that, in order to recover for injuries sustained in a slip-and-fall action, an invitee must prove (1) that the defendant had actual or constructive knowledge of the hazard; and (2) that the plaintiff lacked knowledge of the hazard despite the exercise of ordinary care due to actions or conditions within the control of the owner/occupier.
Here, the defendants in their summary judgment motion argued only that they had no actual or constructive knowledge of the hazard. Plaintiffs conceded that the defendants had no evidence of actual knowledge but argued that evidence showed defendants had constructive knowledge of the hazard.
“[C]onstructive knowledge can be established in one of two ways: by evidence that an employee was in the immediate area of the hazard and could easily have discovered and removed it, or by showing that the owner did not use reasonable care in inspecting the premises.” (Punctuation omitted.) Taylor v. AmericasMart Real Estate.3 See Prescott v. Colonial Properties Trust.4 Thus, if the plaintiff can present some evidence “that an employee of the proprietor was in the immediate area of the hazardous condition and could have easily seen the substance,” the issue of constructive knowledge is disputed, and summary judgment must be denied. (Punctuation omitted.) Straughter v. J.H. Harvey Co.5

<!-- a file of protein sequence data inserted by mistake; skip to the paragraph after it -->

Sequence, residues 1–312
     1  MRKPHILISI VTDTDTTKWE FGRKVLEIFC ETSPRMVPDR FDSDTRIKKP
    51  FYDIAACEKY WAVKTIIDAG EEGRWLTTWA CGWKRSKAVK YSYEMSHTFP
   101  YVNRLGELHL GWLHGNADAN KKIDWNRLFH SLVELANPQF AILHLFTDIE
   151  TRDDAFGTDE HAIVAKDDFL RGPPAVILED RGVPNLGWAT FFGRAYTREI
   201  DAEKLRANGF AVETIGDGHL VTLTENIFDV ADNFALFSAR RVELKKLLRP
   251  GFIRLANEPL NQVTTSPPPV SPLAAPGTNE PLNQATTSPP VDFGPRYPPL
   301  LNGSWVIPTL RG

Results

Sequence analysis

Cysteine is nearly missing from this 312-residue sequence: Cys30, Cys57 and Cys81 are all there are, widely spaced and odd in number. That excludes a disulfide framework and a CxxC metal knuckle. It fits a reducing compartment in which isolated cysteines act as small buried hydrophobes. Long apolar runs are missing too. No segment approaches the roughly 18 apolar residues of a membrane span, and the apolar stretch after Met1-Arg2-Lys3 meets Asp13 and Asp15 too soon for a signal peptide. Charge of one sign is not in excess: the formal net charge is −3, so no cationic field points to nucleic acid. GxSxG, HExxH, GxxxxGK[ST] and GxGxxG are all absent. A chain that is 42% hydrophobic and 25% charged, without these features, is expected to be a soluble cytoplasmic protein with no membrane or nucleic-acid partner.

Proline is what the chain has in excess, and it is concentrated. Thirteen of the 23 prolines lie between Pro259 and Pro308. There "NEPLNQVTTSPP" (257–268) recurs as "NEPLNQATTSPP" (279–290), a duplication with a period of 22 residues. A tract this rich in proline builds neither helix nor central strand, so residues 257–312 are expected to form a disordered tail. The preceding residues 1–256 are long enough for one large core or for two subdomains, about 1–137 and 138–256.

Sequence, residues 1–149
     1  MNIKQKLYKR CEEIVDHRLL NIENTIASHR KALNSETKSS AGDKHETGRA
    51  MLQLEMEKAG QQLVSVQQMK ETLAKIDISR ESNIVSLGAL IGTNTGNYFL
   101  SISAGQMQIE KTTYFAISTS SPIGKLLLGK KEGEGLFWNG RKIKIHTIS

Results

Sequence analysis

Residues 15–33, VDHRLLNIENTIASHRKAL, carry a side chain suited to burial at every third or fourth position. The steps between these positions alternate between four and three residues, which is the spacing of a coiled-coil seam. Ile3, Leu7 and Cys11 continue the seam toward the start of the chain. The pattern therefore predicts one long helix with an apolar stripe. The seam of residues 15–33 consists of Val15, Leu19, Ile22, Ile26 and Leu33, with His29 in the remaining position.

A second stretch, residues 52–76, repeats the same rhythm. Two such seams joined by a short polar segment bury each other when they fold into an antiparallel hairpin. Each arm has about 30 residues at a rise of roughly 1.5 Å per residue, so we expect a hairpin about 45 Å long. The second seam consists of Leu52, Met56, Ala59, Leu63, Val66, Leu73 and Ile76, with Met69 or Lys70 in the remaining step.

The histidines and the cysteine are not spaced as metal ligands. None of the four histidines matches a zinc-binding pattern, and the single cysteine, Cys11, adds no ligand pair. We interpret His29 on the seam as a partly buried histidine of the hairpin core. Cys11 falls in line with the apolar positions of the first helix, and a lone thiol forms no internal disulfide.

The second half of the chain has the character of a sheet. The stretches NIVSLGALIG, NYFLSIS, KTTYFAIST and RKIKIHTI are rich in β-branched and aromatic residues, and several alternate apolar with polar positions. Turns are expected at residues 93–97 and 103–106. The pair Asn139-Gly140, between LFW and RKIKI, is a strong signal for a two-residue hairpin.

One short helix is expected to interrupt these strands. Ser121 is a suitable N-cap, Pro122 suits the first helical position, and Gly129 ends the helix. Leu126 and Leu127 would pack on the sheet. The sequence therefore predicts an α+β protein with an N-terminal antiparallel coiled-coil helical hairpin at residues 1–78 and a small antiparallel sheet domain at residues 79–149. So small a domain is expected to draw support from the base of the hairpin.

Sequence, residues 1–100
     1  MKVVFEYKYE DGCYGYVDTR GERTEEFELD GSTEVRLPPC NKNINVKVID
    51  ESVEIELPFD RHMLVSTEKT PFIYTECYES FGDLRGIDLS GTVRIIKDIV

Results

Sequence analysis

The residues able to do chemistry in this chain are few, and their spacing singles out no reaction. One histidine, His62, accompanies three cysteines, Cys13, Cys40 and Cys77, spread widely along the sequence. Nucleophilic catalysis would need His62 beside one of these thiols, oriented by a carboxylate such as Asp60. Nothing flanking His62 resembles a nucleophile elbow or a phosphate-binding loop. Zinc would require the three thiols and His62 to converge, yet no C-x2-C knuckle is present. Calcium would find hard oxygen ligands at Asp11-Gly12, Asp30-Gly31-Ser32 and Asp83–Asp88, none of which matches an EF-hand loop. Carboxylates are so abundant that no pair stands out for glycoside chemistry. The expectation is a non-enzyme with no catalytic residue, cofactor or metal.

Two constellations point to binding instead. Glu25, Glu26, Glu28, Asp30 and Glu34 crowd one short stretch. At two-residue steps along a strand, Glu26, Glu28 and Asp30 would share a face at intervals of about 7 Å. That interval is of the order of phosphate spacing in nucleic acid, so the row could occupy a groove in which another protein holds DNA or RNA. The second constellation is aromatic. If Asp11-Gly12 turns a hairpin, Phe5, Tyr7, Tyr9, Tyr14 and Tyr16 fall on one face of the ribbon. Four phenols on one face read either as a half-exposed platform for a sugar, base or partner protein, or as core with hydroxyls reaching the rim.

Dix v. Kroger Co.6 is a good example of a plaintiff's presenting such evidence. In Dix, the plaintiff slipped on a grape in the defendant store's produce department. Id. at 19, 570 S.E.2d 89. Less than five minutes before the accident, a store employee had inspected the area in question and found no hazards. Id. at 19-20, 570 S.E.2d 89. However, plaintiff showed that three store employees were working at a service counter some 20-25 feet away and had an unobstructed view of the area where the fall occurred. Id. Plaintiff testified that it was possible that the grape was visible on the floor. Id. at 20, 570 S.E.2d 89. Based on this evidence, we held that a material issue of fact existed as to the store's constructive knowledge of the hazard, and we therefore reversed the trial court's grant of summary judgment to the defendant store. Id. at 21-22, 570 S.E.2d 89.